Tyrosine


Tyrosine is easily made in the body from phenylalanine and is very important to general metabolism, as it is a direct precursor of both adrenaline (as well as norepinephrine and dopamine) and thyroid hormones, all stimulants to metabolism and the nervous system. Folic acid, niacin, vitamin C, and copper are needed to support tyrosine metabolism into these and other important substances, which also include melanin, estrogen molecules, and the enkephalins (natural pain relievers). Tyrosine may stimulate growth hormone and can act as a mild appetite suppressant. It may also be useful in the control of anxiety or depression. Tyrosine is known as the “antidepressant” amino acid. It has a mild antioxidant effect, binding up free radicals (unstable molecules) that can cause damage to the cells and tissues, and is useful in smokers, people with stressful lives, or those exposed to chemicals and radiation. L-tyrosine has also been used, usually in a dose of 1–2 grams a day, for low sex drive, Parkinson’s disease, and in programs for drug problems or weight loss. As an antidepressant, 500–1000 mg. of L-tyrosine can be taken two or three times during the day. Since tyrosine has a more stimulating antidepressant effect, taking 1000 to 1500 mg. of L-tryptophan (which is more tranquilizing) at night for sleep may be a good therapeutic combination to help in mild to moderate depression.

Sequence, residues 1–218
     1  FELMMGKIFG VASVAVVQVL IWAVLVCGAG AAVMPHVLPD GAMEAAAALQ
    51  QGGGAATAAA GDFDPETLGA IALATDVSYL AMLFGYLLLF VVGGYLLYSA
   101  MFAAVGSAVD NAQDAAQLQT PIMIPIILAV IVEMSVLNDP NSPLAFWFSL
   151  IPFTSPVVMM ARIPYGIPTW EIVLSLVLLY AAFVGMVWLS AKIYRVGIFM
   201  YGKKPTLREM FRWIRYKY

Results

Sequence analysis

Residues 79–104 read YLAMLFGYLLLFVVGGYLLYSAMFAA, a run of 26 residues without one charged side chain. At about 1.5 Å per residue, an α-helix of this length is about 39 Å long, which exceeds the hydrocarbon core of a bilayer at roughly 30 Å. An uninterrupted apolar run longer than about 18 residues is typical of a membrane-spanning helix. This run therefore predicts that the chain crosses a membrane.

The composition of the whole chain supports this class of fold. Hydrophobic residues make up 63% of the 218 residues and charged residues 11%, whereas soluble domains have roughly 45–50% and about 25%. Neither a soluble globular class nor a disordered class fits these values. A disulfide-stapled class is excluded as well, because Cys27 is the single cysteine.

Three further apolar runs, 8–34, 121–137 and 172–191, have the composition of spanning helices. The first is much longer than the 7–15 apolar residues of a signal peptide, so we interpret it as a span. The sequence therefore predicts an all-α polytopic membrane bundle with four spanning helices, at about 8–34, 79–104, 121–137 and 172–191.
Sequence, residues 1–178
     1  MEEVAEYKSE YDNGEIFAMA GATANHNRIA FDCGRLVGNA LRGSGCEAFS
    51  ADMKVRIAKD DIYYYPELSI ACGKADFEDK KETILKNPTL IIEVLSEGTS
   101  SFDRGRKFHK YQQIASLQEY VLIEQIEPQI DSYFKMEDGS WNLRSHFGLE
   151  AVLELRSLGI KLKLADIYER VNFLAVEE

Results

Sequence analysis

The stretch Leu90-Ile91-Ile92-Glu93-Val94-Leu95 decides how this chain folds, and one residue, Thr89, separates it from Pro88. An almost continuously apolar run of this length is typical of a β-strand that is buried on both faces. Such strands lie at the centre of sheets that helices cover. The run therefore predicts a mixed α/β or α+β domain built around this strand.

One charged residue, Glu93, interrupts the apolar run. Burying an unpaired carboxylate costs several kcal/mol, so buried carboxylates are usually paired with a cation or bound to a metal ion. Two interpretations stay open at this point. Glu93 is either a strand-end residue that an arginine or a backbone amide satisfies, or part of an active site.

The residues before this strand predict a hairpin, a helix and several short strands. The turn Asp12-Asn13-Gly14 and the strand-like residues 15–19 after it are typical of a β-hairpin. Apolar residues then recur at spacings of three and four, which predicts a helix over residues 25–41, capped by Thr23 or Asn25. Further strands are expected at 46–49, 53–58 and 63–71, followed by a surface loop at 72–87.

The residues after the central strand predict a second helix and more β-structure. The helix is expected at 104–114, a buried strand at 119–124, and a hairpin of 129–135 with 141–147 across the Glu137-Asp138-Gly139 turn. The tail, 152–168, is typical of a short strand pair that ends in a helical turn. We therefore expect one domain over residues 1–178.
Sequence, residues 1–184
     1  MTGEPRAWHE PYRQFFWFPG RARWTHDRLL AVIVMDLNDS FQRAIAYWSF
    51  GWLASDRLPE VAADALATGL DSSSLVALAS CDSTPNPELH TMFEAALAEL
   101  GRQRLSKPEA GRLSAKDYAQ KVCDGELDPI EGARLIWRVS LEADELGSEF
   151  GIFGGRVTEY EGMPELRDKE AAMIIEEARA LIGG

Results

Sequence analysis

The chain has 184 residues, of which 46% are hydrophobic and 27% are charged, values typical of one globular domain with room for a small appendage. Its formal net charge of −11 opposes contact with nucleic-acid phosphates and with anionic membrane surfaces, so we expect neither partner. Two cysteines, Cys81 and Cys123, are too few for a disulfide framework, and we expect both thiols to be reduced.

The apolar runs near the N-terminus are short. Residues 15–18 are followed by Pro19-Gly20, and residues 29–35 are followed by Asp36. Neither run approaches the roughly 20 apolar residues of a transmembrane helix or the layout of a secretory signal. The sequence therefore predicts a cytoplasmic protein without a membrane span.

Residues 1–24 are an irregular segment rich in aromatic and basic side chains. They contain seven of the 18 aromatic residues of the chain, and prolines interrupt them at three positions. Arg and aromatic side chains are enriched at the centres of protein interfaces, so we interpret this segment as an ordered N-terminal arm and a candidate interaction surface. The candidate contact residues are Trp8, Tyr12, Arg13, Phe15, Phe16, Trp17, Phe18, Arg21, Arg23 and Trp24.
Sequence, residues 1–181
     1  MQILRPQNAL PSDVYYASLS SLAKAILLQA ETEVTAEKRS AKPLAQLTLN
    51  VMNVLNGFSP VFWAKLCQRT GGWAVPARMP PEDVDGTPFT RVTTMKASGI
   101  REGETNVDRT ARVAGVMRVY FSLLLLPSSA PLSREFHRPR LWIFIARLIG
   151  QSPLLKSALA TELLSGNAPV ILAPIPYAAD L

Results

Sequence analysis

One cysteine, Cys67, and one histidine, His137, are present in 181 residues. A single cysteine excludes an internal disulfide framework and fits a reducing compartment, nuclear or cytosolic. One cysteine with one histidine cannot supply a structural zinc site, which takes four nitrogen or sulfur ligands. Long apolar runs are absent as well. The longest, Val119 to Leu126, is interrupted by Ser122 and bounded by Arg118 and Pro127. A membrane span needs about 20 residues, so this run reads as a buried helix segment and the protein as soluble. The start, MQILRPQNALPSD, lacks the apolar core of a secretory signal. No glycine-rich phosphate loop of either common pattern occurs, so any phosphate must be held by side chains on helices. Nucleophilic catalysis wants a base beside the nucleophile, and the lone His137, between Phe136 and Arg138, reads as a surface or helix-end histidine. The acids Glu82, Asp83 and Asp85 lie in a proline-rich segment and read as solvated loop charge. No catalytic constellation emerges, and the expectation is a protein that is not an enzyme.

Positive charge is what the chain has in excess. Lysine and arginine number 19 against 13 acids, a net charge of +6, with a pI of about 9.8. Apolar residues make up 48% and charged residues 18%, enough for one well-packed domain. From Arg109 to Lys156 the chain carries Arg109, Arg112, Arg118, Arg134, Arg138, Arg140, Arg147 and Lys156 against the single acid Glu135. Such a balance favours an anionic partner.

Elson M. Haas MD Written by Elson M. Haas MD

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